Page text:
Saint Ambrose School continues to lead the way in providing a high quality, character-filled, affordable education to our families and community!  This week the school hosted The Culture Project who shared the group’s mission by reminding seventh and eighth-grade students of who they are and what they are made for, focusing on their inherent dignity, value, and worth.  Together The Culture Project and Saint Ambrose School students explored human dignity through storytelling, real life examples, scientific evidence, and natural law to dissect the question of what sets human beings apart.  Discussions and ideas were shared and analyzed around reversing modern-day violations of human dignity.

The Culture Project started in Pennsylvania in 2014.  Missionaries with the Culture Project travel across the country, speaking to Catholic schools, youth and young adult groups about ideals of chastity, modesty, and pure love. There are currently 20 missionaries spread out across 4 Dioceses; Cleveland, Toledo, Los Angeles and San Francisco. Five of them are assigned to the Diocese of Cleveland, and Saint Ambrose School is excited to be the first school in our Diocese to host a presentation.


Parker, from Louisiana, and Emily, from Colorado, presented the first of three sessions that will be held at Saint Ambrose throughout the school year. This session focused on human dignity and the intrinsic value of human life. Using analogies the students could relate to, such as the damage of a smartphone as compared to the damage to the human body, we always have value because of our very existence, whereas, once damaged, the phone loses its value.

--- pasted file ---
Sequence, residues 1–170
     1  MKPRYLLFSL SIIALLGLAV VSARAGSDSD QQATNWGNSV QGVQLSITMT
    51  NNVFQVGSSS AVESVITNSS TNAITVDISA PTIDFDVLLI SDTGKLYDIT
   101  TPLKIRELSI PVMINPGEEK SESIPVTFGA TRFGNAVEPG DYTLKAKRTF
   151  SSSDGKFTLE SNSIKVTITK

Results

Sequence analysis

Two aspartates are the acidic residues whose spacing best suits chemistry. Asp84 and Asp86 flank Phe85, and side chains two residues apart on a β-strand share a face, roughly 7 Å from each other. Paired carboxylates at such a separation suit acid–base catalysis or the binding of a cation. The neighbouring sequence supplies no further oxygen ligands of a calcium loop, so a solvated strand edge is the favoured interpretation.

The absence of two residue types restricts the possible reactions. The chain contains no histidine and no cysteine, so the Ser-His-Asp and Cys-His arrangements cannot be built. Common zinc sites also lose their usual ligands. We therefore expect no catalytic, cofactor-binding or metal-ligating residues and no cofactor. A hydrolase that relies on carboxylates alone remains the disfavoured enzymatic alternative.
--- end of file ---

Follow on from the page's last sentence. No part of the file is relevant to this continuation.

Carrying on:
We are faced with many forms of dehumanization in modern society, but humans are made for love and we should always choose to love. Parker and Emily left the students with two important tasks: First, recognize your own dignity and know that you are worthy as a Child of God. Look around and be amazed. There has never been a YOU before and there will never be a YOU again. Second, do a simple act of love.  Who needs a smile, a word of hello, or to be told they are loved?


We look forward to the Culture Project returning to our campus and for our students to continue their encounter with young people who are a living witness and demonstrating a life of counter-cultural virtue.